A fresh Worldview
Question: Does spirituality provide anything that science cannot provide?
“If you don’t know where you are going, any road will take you there,” sang Beatle George Harrison in one his popular songs. The life’s journey of most modern people is often characterized by ultra-high speed and ultra-low clarity of purpose. This peculiar, even dangerous, combination is like a car-driver going superfast without knowing his destination.
Our impressive progress in technology is like providing the car-driver a faster car and a smoother expressway. Most modern people delight in driving as fast as they can, as luxuriously as they can and as long as they can. They are almost fanatical in claiming that anyone who doesn’t “progress” their way is primitive, regressive and unscientific.
But why does their “progress” make them addicted to sleeping pills, anti-depressant medicines, even cigarettes, liquor, drugs? Why has their “progress” brought our world on the brink of ecological breakdown?
Insightful thinkers have already seen through the façade of “progress”. Nobel Laureate physicist Erwin Schrodinger pointed out, “I am very astonished that the scientific picture of the real world around me is very deficient. It gives a lot of factual information, puts all our experience in a magnificently consistent order, but it is ghastly silent about all and sundry that is really near to our heart, that really matters to us. It cannot tell us a word about red and blue, bitter and sweet, physical pain and physical delight; it knows nothing of beautiful and ugly, good or bad, God and eternity. Science sometimes pretends to answer questions in these domains, but the answers are very often so silly that we are not inclined to take them seriously.” Martin Luther King, Jr, stated, “The means by which we live have outdistanced the ends for which we live. Our scientific power has outrun our spiritual power. We have guided missiles and misguided men.”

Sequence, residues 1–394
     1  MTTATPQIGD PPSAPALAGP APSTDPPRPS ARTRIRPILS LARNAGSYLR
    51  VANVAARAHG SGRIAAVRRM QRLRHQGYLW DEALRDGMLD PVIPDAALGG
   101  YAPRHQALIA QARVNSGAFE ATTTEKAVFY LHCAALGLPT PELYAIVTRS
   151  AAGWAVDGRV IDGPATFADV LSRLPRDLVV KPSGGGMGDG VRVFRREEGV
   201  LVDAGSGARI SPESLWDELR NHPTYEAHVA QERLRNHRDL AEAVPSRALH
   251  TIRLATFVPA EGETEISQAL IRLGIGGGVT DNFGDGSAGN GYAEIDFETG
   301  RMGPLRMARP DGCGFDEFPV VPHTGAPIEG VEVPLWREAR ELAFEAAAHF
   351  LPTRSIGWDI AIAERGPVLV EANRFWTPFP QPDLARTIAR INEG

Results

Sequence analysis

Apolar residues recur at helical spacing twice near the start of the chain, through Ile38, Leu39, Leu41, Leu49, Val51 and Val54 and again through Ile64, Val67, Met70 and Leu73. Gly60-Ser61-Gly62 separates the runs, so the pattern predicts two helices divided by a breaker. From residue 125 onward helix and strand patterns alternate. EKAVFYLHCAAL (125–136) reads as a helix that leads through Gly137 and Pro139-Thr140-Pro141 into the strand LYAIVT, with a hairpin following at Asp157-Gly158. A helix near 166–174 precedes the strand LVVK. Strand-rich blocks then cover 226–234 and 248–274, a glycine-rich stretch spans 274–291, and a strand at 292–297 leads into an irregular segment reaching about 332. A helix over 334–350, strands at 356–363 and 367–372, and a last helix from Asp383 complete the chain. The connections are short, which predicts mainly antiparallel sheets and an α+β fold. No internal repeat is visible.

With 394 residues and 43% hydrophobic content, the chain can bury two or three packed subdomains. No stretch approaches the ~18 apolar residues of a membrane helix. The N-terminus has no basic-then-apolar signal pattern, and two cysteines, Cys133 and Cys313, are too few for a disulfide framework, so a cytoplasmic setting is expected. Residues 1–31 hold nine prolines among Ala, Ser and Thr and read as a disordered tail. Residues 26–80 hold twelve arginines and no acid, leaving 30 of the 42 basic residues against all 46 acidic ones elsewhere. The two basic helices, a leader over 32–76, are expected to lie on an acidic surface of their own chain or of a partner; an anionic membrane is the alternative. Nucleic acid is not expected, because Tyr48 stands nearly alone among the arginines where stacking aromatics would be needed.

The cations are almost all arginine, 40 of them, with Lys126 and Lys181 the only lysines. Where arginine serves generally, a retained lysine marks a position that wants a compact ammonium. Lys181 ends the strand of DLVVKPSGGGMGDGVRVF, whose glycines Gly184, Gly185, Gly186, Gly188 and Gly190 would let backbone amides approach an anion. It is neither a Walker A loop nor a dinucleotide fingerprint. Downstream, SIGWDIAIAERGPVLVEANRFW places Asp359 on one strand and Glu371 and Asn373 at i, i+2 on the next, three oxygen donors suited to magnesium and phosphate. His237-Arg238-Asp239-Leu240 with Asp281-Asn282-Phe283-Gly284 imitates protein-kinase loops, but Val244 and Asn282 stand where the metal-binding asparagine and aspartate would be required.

To help us guide men, the Vedic texts offer a delightfully different understanding of progress. Real progress comes not by finding newer ways to manipulate matter, but by finding ways to realize the spiritual essence of life. Spiritual realization makes us aware that we are not destructible lumps of matter, but are indestructible sparks of consciousness; that we are not lonely survivors in an impersonal, cold cosmos, but are beloved children of a benevolent almighty in a purposeful cosmos; that we are not doomed to mortality, but are destined for immortality. By thus liberating us from the bleak worldview of scientific atheism, spirituality brings clarity, purpose, meaning, joy and love into our lives.